Okay, okay, here I am, here it is. Travel HELL – Part Two. I think I’m just about ready to tackle this, despite a hefty bout of horrific nausea and diarrhoea since Thursday evening. (NO sisters One and Two, I’m NOT pregnant, this is indeed a tummy bug and a deadly one at that so if I don’t make it through to the end of this entry you’ll know why.)
I’m sitting in bed, with Tommy playing Insy Winsy Spider on my phone. I know it’s probably very bad for a two and a half year old to be playing screen games but I don’t have the energy to play Fireman Sam with him and in any case you’ve (sisters) been crying out for this so I’m doing my best to write it. Talk about pressure. Anyway, Tommy and I discovered kiddy Apps for my phone as a result of this nightmare journey. For the flight back home a few days later I armed myself with ten different games ranging from toddler flashcards to giggly Sneezies to a flying Tinkerbell to interactive nursery rhymes where you tap and slide things on the screen to make other things pop up, jiggle along, boogie on down . However, for Part Two of Travel HELL I hadn’t yet discovered these brilliant little snippets of toddler entertainement. Which didn’t help matters.
So, back to Marseille. Having had a restless night (repetitive nightmares of arriving on stage too late, naked, in the wrong theatre, armed with just a water pistol) with Tommy sleeping and wriggling in my bed, I woke up to find the worlds grumpiest toddler demanding to go outside. At Simone’s house we sleep in a room that opens onto a balcony with a view of the sea and Tommy gets to see boats and fishermen and seagulls galore. Well, he did when we last came to stay. But it was now February and I was loathed to open the shutters and let in the cold. But when Tommy started shouting and screaming to go outside I decided that a frozen toddler was preferable to waking up Simone, persuading myself that the sea air would do his lungs some good. I muffled him up in jumper, scarf, hat, socks and boots and sent him out onto the balcony as I crawled back into bed. First thing he did: touch a cactus and scream. Second thing: bang on Simone’s shutters. I dashed out onto the balcony in my bare feet and knickers and scooped him up in my arms, diverting the kicks and karate chops by pointing out a couple of seagulls flying overhead. But he was having none of it and was making a good job of waking up the entire neighbourhood. And I was very cold. So I bundled him back into our bedroom and persuaded him to watch Kirikou on my phone (what would I do without that phone?) while I had a quick shower.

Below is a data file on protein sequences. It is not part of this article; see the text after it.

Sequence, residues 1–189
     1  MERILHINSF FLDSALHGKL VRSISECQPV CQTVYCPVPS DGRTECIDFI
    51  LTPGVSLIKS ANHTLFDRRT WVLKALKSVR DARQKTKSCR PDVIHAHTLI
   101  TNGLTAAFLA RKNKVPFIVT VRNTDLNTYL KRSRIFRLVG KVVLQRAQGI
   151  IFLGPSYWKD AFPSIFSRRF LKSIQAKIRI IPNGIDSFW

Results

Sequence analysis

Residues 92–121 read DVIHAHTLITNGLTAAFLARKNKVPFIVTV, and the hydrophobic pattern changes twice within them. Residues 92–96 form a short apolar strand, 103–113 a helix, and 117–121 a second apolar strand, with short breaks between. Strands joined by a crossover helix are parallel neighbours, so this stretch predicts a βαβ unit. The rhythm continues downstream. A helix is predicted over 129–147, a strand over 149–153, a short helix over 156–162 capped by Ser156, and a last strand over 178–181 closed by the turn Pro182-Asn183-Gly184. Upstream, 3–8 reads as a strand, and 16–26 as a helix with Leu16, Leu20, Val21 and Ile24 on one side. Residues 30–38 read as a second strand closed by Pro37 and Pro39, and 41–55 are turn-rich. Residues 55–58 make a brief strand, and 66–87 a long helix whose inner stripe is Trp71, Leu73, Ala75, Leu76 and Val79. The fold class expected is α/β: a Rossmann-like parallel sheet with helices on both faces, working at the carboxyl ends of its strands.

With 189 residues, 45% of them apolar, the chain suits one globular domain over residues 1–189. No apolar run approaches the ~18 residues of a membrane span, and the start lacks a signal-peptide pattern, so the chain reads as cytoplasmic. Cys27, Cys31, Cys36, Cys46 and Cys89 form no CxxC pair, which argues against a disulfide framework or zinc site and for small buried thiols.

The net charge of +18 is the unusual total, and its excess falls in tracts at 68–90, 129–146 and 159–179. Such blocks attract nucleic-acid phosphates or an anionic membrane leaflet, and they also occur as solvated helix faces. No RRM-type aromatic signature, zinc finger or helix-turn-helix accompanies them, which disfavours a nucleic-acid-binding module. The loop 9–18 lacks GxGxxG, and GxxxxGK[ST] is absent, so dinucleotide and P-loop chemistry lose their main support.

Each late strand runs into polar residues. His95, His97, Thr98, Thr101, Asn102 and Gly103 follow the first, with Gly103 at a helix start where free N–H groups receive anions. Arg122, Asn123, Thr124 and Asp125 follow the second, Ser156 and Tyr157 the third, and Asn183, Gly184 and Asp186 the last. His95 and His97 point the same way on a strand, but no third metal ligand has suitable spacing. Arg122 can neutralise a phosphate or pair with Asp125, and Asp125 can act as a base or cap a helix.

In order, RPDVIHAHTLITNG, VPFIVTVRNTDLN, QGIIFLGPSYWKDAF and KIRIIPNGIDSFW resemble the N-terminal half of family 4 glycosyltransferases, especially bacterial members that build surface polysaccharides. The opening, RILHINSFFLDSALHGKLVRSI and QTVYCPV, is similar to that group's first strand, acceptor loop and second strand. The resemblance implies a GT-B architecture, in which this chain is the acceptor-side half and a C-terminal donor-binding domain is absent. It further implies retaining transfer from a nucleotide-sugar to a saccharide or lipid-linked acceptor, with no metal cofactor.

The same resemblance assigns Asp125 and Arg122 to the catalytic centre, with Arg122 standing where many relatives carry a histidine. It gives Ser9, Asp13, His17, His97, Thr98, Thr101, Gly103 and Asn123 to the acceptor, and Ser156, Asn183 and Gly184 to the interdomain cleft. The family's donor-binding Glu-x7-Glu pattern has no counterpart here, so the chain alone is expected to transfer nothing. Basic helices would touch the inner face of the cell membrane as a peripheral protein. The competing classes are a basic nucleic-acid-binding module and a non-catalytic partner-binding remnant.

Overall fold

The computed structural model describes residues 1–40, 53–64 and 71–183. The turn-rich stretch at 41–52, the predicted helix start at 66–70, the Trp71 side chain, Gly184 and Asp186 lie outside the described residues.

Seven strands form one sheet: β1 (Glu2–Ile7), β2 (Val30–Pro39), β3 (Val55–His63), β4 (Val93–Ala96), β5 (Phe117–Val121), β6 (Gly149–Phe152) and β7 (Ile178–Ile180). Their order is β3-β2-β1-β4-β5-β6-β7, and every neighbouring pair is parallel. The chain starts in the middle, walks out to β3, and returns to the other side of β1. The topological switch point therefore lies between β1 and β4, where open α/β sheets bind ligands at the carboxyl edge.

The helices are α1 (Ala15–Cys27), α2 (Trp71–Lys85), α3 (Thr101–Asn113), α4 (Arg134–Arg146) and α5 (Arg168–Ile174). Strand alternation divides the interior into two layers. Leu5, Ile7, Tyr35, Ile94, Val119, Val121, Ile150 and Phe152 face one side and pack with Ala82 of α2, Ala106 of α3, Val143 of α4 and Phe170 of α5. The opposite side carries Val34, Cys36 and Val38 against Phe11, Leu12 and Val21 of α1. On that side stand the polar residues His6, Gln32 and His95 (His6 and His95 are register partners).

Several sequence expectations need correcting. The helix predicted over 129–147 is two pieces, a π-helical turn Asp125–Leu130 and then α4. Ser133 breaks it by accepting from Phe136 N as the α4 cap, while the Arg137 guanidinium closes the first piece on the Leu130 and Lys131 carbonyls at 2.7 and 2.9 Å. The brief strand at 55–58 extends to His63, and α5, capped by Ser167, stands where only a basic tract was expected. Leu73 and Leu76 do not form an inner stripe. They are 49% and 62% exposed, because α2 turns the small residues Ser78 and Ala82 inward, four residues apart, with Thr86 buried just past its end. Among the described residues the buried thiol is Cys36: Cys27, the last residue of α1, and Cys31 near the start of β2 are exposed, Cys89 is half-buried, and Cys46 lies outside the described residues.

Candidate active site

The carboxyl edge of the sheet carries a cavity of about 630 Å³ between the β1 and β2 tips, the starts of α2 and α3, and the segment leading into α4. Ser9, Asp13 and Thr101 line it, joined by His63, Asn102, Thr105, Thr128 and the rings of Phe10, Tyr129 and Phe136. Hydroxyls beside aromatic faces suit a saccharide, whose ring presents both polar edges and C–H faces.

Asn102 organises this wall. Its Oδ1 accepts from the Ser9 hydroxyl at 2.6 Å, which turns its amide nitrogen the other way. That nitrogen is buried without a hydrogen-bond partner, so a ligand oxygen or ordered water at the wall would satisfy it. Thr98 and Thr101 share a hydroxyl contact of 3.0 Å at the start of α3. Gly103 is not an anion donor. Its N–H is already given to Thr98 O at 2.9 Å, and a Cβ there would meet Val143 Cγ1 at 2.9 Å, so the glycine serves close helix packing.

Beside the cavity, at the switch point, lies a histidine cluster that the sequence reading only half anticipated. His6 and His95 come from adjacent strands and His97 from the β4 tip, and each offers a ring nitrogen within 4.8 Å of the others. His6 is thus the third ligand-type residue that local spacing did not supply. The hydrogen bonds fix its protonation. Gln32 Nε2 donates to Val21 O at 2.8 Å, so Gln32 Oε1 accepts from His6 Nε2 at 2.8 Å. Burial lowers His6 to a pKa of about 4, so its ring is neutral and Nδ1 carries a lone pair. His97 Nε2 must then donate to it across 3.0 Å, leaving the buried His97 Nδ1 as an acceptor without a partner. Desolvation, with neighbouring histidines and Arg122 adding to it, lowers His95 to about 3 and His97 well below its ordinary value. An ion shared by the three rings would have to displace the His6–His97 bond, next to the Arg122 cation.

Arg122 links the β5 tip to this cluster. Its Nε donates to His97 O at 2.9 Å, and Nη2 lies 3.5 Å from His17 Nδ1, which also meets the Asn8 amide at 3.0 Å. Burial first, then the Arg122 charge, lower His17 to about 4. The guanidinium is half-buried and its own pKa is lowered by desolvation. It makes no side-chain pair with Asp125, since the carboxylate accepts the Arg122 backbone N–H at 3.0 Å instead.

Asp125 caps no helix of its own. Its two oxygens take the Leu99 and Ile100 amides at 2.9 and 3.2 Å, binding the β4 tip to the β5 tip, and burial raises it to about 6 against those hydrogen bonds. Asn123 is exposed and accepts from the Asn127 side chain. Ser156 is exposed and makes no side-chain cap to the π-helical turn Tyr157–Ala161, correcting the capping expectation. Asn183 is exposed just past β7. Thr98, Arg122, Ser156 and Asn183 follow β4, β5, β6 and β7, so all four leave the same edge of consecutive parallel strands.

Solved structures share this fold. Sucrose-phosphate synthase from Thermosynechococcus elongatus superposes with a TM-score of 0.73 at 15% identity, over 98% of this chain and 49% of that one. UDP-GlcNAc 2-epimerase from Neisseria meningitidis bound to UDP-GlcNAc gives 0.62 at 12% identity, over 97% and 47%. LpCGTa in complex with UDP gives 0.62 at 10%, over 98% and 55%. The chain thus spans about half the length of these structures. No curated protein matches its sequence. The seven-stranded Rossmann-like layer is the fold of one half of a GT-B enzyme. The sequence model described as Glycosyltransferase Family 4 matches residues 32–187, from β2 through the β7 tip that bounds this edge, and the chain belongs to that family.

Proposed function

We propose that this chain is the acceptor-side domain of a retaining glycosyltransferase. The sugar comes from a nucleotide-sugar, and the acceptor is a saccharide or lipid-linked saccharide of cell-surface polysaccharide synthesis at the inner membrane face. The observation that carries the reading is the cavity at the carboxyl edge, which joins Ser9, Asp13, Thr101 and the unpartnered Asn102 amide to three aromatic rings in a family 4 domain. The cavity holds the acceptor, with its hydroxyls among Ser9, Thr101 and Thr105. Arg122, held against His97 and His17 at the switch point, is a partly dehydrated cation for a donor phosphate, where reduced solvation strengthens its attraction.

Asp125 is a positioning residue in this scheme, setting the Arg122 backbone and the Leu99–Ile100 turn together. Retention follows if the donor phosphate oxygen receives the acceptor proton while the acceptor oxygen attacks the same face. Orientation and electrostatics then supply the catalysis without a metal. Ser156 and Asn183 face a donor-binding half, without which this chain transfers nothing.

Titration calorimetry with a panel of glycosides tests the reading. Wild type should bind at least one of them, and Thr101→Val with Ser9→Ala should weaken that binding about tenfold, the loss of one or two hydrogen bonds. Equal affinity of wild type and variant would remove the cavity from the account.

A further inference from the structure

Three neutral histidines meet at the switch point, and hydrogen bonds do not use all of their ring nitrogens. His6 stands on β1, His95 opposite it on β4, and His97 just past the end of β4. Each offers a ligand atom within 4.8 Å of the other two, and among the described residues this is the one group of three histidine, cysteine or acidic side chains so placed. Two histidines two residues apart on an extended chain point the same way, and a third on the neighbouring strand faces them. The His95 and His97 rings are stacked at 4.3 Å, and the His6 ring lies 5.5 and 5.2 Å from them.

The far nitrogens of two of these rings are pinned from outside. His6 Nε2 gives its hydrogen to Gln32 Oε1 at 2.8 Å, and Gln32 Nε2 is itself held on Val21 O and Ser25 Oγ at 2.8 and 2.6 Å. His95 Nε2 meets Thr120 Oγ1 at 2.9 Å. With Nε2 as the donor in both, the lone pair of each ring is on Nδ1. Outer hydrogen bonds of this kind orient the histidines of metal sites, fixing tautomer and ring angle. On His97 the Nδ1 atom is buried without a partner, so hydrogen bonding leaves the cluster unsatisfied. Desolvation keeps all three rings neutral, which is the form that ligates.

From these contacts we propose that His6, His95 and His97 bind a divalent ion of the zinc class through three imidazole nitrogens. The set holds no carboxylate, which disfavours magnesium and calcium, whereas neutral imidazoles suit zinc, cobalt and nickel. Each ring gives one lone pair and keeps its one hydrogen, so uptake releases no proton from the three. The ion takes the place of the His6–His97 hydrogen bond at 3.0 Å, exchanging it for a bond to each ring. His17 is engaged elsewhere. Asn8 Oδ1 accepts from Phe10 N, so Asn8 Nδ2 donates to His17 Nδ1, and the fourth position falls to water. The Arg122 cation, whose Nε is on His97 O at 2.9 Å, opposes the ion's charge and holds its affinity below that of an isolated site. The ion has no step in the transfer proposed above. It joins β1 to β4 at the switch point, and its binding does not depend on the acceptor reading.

The morning was actually quite pleasant. Tommy and I went to buy a pile of croissants and pains au chocolat, Simone and I got to have coffee before she left, my two friends Farid and Francine popped round for breakfast and to tell me the latest (good) news concerning our project in Marseille with Lieux Publics (national centre for street theatre).. I almost forgot I had a plane to catch. But at ten thirty we all jumped into my car, I dropped Francine off at Lieux Publics, and twenty minutes of careful speed radar driving later, we arrived at Marseille airport.
The car park was rammed so we had to park quite a way away, but it was a sunny day and we were both feeling quite cheery so we we didn’t mind the walk. We got to the airport, queued up at the Easyjet Gatwick desk, Tommy ran around for a bit and blew raspberries at people who tried to talk to him and we checked in. The woman handed me a couple of bits of paper along with our flight documents and passports, mumbling something about us being able to buy drinks and a sandwich with them but I didn’t really get what she was on about. It didn’t matter, I could see through the swing doors that there wasn’t much of a queue for the x-ray machines and Tommy had come back to quietly sit in his pushchair and munch a packet of crisps. We whizzed through the x-ray bit like a dream, Tommy’s boots setting the bleeper off which meant he got to be checked over with a Star Wars hand-held laser machine, and then rolled happily along to our boarding gate waiting area. I checked the screen – flight due to take-off at 15h10. That was fine. It could have been much worse considering the French air controllers were on strike. Oh yes, I forgot to mention that L’Homme had called me that morning to warn me our flight might be delayed because of the strikes. Thirty minutes delay was no problem. Tommy and I sat down at a coffee table next to a couple in their late fifties who turned out to be from Wales and who had grandsons Tommy’s age. The woman mentioned something about a two hour delay. “No I think it’s just a twenty minute delay” I replied, assuming that she’d heard the news in French over the loudspeakers and hadn’t understood. “Well that’s odd”, she said, “our daughter’s been following the delay on the internet and she’s certain it’s a two hour delay”. My brain stubbornly blanked this information out and I busied myself with keeping Tommy occupied with books and games and crisps. About ten minutes later Tommy shouted “Mummy, pee-pee!” from across the other side of the waiting area so I rushed him down to the loos. It was then I saw the screen again. “Ryanair, London-Gatwick, 15h10” and my tiny brain recalculated what that meant. Not a thirty minute delay, no – a two and a half hour delay. Our flight was originally scheduled to take off at 12h40. My maths had seriously gone wrong the first time, probably to protect my mental health. Now reality had struck and with it a surge of adrenalin went shooting through my veins and didn’t stop until many hours later when I dropped into bed.